Jessica is a bilateral cochlear implant user who was raised with the Auditory-Verbal approach like me and hears and speaks well. She received her first implant at the age of two years, and then received her second implant about four years ago. She has two siblings who were also born profoundly deaf, and they hear and speak well with their cochlear implants too! Jessica is another example of a cochlear implant success story!
I am a deaf teen who is very grateful for cochlear implant technology and the blessing it is in my life. I was born deaf to 2 hearing parents and there is no history of deafness in our family. My parents were told I would never speak and would not be able to read much beyond a 4-5th grade level. They were told this by the “experts” otherwise known as the doctor. But my mom didn’t want me to go for the rest of my life not able to hear music, my friends’ chattering, and all those other sounds of this world. She spent a lot of time in research for a way for me to communicate, or better yet, hear too. This was before the Internet offered much information at all, so she had to really work at this!
My parents explored every option available to educate me and teach me to function as much as possible in the world. One of the best books she found and read right after my diagnosis was Choices In Deafness by Dr. Sue Schwartz. Mom & Dad wanted me to achieve my potential and be able to open the doors of opportunity for myself, so they chose the Auditory-Verbal Option. They chose this option because at the time of diagnosis, they were told I had a moderate-severe hearing loss that would respond well to hearing aid technology. Hearing is the foundation of Auditory Verbal Therapy, and with good access to sound, this was a reasonable option.
After months of AV Therapy with a qualified therapist, me wearing my hearing aids all the time, and Mom working with me daily, I was not making much progress. My parents, therapist, and pediatrician were puzzled because I seemed bright and was ahead developmentally in all areas except communication. They had additional hearing tests completed but the result was the same. My mom was very frustrated and full of doubt that the tests weren’t accurate, so she made appointments at the Helen Beebe Speech & Hearing Center in Pennsylvania. We traveled a long way from our home for a week of immersion and testing at this center. It was there that my parents learned my hearing loss was not moderate- severe, BUT profound, and given my therapy history, it was suspected that the original diagnosis and follow up tests had been incorrect from the beginning.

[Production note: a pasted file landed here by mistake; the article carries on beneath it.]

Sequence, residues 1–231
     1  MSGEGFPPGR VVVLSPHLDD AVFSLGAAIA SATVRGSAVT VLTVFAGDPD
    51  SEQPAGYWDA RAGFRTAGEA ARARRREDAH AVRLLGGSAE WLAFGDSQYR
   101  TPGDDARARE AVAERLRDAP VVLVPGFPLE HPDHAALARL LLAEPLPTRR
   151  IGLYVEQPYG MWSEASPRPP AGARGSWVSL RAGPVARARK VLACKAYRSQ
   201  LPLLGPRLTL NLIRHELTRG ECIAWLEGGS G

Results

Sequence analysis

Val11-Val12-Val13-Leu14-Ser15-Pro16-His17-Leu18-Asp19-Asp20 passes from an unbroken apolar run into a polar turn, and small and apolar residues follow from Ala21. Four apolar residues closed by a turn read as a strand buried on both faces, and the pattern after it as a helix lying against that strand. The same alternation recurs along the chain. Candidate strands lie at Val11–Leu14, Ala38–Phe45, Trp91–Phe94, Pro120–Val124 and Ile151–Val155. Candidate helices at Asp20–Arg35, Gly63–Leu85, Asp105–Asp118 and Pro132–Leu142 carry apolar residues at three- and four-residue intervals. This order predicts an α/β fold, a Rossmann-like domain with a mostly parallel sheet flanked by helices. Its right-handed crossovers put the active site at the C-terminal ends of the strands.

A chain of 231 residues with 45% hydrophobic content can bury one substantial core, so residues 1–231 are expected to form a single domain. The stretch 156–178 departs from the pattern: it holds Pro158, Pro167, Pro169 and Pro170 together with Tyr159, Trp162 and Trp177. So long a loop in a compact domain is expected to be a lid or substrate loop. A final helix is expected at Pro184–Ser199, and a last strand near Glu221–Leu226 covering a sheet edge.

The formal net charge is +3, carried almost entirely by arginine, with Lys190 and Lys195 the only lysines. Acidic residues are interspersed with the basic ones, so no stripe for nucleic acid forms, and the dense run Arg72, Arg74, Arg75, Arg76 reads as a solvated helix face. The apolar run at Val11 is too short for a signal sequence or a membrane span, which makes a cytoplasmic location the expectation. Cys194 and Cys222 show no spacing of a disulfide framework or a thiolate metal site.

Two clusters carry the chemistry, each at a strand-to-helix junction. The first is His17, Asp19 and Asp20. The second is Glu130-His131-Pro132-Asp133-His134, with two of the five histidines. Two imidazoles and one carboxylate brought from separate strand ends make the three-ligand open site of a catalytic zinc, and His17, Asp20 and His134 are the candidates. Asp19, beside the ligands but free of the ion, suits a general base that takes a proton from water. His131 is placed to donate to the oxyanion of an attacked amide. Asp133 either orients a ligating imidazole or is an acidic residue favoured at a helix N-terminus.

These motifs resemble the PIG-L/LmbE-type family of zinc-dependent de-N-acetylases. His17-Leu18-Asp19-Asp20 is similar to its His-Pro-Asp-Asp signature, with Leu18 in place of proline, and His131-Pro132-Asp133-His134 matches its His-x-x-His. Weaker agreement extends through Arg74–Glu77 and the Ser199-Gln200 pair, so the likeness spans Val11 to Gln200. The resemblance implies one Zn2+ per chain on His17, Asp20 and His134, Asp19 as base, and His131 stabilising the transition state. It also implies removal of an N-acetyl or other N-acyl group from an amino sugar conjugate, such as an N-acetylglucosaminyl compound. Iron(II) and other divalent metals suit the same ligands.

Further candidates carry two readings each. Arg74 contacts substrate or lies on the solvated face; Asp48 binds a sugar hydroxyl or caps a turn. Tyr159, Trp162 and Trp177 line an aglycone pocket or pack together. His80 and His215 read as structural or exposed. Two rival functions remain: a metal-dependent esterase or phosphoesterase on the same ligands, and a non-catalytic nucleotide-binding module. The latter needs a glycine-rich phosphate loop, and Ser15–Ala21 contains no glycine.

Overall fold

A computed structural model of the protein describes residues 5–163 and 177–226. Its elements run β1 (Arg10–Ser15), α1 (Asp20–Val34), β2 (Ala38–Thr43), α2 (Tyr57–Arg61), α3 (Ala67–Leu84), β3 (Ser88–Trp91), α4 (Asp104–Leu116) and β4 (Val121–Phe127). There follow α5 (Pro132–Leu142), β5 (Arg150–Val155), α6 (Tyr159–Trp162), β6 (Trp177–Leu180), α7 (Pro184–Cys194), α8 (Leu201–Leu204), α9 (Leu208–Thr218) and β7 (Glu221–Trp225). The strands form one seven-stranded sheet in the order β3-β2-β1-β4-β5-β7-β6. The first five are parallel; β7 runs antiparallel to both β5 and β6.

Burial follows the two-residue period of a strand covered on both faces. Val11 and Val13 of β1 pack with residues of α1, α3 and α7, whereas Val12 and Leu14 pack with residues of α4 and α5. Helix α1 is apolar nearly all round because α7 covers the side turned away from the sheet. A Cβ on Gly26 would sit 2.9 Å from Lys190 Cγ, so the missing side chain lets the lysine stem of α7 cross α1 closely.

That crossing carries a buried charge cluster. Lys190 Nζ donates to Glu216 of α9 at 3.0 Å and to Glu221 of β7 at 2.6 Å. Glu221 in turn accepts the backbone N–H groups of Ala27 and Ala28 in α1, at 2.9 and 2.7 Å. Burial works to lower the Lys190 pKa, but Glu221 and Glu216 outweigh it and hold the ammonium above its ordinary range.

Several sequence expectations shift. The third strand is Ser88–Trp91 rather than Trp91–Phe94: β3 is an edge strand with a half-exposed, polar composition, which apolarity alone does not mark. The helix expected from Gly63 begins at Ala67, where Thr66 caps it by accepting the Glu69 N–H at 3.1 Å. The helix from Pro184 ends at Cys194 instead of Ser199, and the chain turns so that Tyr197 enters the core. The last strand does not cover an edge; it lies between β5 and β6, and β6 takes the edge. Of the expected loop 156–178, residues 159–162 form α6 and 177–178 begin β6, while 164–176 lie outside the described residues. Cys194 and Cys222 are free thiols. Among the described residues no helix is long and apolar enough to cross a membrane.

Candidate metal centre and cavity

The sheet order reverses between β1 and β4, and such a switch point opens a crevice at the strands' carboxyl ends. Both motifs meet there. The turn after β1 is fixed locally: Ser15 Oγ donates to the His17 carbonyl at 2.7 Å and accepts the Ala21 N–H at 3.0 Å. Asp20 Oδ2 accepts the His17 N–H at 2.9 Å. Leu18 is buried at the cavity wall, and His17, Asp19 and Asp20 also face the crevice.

My parents were already aware of cochlear implant technology and began researching this option more. I was fitted with new hearing aids that were stronger than the original, and continued therapy. Another therapist was added, and Mom & I began making trips to a cochlear implant and pediatric therapy center that was 4 hours round trip from our home. Dad was supportive of the whole thing but couldn’t always join us for our long drives because someone has to work and make a living for our family! I have made more than 300 trips to the city with the Cochlear Implant center. It was at this center that I began working with an AV therapist who changed my life and the life of my family. The result of the first 6 months of therapy was that I was declared to be a good candidate for a cochlear implant. I received my first implant at age 2 _.